In a new study, Cedars-Sinai investigators explored what factors increase susceptibility to COVID-19.

Investigators in the Department of Computational Biomedicine at Cedars-Sinai wanted to find out which factors influenced susceptibility to COVID-19 infection and disease severity the most. Was it genetics? Or was it home environment, meaning the germs circulating throughout your everyday life?

The findings, published in Nature Communications, suggest that more was in play than either factor alone.  

“Our results suggest that initially, differences in shared home environment influenced who was infected with COVID-19 more than genetic differences,” says Katie LaRow Brown, MA, first author of the study and a PhD candidate at Columbia University who collaborated with Cedars-Sinai on this study, in a release. “Over time, however, the importance of these differences in shared home environment decreased—and the importance of genetics increased—eventually eclipsing shared home environment.”

COVID-19 has infected more than 340 million people in the US, underscoring the urgency in conducting therapeutic research and uncovering potential treatments, according to the researchers. However, until this study, little was known about how an individual’s environment and genetic background impacted their experience with the virus.

Using electronic health records from New York-Presbyterian/Columbia University Irving Medical Center, investigators identified 12,764 patients who received conclusive results—either positive or negative—from a PCR test for COVID-19. These patients belonged to 5,676 families with an average of 2.5 family members who had a bout of COVID-19. The time frame studied was Feb 21, 2020, to Oct 24, 2021.

The investigators’ analysis found that, at the start of the pandemic, genetics accounted for 33% of variation in susceptibility. By the second half of the research study, however, genetics accounted for 70% of variation in susceptibility.

When measuring patients’ severity of COVID-19, investigators also found that a patient’s genetics were more of a factor than his or her home environment. Disease severity was defined by length of hospital stay. Genetics explained 41% of variation while shared environment explained 33%.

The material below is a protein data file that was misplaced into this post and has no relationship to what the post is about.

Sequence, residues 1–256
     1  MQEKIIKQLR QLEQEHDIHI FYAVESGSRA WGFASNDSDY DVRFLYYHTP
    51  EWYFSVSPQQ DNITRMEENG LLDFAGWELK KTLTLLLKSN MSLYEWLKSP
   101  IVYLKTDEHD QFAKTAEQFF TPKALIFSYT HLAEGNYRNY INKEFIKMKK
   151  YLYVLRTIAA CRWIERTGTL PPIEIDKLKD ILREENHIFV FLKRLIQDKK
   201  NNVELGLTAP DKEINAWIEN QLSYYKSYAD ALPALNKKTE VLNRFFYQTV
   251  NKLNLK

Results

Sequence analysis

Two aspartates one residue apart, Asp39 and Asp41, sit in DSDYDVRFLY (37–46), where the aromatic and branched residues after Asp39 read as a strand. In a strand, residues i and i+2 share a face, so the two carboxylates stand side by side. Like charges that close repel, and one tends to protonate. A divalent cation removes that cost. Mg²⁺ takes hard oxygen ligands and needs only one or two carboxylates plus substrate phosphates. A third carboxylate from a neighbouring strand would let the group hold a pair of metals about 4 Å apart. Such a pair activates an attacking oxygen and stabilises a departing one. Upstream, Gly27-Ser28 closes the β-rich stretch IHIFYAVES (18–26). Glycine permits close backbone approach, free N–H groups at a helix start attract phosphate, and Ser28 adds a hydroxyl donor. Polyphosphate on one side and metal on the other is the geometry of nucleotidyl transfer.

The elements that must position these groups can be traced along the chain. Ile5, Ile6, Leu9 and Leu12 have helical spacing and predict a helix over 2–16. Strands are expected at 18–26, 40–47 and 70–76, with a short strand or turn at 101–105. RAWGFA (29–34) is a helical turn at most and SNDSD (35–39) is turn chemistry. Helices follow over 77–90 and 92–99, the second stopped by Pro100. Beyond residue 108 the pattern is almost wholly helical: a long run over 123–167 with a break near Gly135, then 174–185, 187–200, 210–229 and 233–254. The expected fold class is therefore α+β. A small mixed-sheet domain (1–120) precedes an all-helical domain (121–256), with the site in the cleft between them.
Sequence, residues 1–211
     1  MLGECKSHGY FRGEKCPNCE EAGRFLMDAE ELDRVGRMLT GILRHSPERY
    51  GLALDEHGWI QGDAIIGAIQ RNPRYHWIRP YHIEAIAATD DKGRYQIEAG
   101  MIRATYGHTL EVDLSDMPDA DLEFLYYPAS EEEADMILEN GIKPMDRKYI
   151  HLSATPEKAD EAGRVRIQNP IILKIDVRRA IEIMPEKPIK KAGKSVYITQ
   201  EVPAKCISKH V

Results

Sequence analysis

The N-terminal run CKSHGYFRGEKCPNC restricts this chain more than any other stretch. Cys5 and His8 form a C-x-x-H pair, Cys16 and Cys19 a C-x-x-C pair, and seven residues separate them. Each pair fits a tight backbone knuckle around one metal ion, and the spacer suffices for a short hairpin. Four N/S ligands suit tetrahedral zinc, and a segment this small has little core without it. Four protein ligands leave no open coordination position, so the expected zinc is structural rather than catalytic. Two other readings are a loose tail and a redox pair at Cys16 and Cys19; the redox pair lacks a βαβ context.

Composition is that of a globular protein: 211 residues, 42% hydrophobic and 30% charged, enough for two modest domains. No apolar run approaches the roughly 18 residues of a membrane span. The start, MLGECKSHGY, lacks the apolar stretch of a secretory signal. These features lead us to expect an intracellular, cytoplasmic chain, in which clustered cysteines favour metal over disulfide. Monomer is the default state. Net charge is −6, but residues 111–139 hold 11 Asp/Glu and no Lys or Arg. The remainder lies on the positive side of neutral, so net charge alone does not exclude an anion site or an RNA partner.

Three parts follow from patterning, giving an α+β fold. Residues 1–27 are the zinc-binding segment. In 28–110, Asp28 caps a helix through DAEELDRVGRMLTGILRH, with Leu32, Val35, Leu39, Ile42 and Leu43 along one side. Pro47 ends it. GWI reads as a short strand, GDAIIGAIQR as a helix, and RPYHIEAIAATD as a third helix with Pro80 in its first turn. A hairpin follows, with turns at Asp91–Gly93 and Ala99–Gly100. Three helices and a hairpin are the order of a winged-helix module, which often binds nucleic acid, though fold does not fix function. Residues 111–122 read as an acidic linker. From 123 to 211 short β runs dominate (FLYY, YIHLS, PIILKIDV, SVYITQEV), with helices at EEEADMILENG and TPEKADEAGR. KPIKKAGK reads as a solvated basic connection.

“We were especially surprised by the percentages of susceptibility,” says Nicholas Tatonetti, PhD, senior and corresponding author of the study, vice chair of operations in the Department of Computational Biomedicine and an associate director of Computational Oncology at Cedars-Sinai Cancer, in a release. “Since this is an infectious disease, we assumed that home environment differences would explain most variation for the entirety of the study.”

While Tatonetti says his team of investigators cannot know for certain, they suspect that over time, discrepancies between people’s home environments changed in important ways.

“This work also suggests that the specific genetic factors influencing susceptibility and severity have not been fully identified,” says Tatonetti in a release. “This is very important in terms of directing resources and defining future research goals.”

Jason Moore, PhD, chair of the Department of Computational Biomedicine and a professor of Medicine, says the study provides critical information and insights for future pandemics. “The age-old debate of what matters most—genetics or your environment—continues through the work of this important study,” says Moore in a release.

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